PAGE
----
The Wycliffe Language Course, a training programme for missionaries, was founded in 1952. Over the years, the vision behind it grew, and the course developed into Wycliffe Bible Translators. Today, Wycliffe Bible Translators has 362 members and employees in 56 countries, impacting the development of translations and Bible use in 314 languages, spoken by a total of 461 million people (2017 member survey).

The very first Wycliffe members from the UK worked with people groups in South America, following the lead of Wycliffe US members. It wasn’t long, however, before UK members started to concentrate more of their efforts on Africa and unreached people groups there. Now, while UK members still maintain a strong focus on Africa, our member base is increasingly spread across more of the world.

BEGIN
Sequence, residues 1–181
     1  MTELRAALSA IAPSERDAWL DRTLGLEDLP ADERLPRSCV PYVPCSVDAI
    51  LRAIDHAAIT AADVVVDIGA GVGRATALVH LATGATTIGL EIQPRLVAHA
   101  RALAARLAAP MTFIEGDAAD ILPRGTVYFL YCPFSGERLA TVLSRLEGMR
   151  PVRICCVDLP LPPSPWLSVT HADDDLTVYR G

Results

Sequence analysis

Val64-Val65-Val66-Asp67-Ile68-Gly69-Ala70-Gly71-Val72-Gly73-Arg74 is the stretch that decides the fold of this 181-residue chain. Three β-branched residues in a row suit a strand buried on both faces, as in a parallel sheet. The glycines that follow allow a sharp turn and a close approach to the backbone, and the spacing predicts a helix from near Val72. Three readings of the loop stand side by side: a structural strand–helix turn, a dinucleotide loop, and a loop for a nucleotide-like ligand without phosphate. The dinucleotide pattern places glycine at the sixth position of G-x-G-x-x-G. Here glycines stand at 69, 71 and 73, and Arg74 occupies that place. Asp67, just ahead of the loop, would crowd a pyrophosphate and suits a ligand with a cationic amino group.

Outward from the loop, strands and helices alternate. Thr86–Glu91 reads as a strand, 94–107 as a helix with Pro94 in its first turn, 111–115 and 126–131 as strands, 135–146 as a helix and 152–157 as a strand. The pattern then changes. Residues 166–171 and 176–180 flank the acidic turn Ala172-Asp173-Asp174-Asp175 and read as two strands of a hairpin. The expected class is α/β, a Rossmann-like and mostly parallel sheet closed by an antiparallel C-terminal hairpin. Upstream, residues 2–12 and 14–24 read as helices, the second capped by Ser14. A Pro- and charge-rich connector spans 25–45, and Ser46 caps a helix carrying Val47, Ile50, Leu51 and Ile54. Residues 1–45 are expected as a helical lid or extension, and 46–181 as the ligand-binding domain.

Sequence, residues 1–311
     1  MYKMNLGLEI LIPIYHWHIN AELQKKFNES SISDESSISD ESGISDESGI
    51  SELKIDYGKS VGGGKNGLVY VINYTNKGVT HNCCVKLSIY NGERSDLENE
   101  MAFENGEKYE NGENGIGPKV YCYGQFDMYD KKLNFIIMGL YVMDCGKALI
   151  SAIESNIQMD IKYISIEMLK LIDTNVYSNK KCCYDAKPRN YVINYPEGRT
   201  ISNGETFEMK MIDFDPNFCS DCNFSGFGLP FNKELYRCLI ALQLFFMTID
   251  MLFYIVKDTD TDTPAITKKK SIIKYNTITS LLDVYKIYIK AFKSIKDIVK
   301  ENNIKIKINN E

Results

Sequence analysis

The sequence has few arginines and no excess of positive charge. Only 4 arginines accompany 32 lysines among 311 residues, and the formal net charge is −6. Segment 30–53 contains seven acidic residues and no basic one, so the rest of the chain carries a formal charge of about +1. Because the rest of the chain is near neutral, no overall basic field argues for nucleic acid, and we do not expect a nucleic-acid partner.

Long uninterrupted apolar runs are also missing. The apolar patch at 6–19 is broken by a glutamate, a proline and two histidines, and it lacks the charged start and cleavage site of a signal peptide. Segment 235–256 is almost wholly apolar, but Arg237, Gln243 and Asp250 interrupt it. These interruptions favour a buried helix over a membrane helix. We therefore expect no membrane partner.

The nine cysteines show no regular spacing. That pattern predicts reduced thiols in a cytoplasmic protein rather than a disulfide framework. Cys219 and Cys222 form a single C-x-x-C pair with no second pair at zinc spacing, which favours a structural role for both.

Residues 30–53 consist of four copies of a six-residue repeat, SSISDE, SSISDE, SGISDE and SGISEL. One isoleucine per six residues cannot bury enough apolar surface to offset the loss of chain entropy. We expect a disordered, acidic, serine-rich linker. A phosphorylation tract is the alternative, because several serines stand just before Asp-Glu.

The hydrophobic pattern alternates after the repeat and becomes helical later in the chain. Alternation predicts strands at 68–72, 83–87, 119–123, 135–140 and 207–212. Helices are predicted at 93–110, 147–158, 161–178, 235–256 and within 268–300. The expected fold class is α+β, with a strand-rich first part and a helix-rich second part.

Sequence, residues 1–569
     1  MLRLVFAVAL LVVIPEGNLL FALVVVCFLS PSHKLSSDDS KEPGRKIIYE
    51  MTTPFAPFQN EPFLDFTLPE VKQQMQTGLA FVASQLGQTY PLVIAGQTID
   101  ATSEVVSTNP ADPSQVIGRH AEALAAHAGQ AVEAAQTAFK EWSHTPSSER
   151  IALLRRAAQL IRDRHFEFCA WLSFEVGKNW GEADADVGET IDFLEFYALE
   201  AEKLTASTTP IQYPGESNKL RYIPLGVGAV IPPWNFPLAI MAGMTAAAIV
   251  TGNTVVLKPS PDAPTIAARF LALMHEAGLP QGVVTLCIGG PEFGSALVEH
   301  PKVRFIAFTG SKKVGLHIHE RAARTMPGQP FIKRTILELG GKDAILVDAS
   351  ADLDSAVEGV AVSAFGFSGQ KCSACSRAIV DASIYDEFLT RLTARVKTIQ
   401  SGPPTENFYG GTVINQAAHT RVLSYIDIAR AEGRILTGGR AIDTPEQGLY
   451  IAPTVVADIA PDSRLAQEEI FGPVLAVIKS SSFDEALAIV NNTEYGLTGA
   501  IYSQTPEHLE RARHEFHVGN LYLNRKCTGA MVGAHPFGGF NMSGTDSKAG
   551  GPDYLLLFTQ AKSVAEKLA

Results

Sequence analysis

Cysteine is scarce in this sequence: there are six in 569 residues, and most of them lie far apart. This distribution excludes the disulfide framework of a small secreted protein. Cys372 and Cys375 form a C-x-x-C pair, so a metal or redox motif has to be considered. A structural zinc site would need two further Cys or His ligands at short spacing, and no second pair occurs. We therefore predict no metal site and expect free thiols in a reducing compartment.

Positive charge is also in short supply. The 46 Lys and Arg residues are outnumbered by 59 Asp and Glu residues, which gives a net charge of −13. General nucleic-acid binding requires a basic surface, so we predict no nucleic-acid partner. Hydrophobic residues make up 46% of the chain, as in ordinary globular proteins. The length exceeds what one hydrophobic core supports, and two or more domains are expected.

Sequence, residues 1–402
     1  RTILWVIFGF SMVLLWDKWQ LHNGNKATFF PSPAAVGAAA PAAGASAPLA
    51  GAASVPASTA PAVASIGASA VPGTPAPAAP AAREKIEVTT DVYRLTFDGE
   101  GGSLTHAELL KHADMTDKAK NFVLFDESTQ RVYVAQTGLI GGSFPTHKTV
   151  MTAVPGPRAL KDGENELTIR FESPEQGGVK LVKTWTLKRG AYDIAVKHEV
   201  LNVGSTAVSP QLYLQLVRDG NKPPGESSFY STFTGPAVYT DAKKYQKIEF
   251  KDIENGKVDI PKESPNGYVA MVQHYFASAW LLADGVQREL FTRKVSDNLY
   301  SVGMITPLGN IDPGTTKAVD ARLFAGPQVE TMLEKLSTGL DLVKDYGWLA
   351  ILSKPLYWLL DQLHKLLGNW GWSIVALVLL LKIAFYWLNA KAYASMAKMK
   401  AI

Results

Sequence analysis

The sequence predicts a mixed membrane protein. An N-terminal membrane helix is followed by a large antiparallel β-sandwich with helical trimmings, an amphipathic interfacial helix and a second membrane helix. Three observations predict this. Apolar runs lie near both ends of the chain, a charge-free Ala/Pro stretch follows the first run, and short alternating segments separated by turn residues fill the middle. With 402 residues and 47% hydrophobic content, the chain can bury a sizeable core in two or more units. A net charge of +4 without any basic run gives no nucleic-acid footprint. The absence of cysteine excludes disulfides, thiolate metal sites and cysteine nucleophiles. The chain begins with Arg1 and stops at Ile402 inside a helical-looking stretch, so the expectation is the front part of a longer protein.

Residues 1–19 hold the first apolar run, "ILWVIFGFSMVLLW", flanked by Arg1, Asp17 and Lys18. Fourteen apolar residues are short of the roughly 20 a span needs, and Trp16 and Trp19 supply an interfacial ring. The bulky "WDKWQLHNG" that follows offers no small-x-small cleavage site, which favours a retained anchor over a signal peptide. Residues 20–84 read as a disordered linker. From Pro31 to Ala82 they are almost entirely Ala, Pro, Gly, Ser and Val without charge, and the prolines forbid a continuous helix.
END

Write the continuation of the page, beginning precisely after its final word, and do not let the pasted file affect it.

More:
Over the years, methods have shifted from British members going and translating the Bible for language communities, to our members coming alongside language communities and working in partnership, assisting mother-tongue speakers to translate the Bible themselves. Our tools and methods have also changed over the years – while paper and pencil are still useful in very early stages for making notes on the sounds that make up a language; laptops, specialist translation software, and high-speed internet that allows for real-time communication over long distances make all the difference in today’s Bible translation projects.

We are a member of the Wycliffe Global Alliance, and partner with organisations worldwide in working towards universal access to the Bible. 

The full Bible is now available in close to 700 languages, and the New Testament in an additional 1,500 languages. But with 1.5 billion people still without access to the full Bible in the language that speaks to them best, our vision of universal access is far from a reality, and the need for translation remains as great as ever.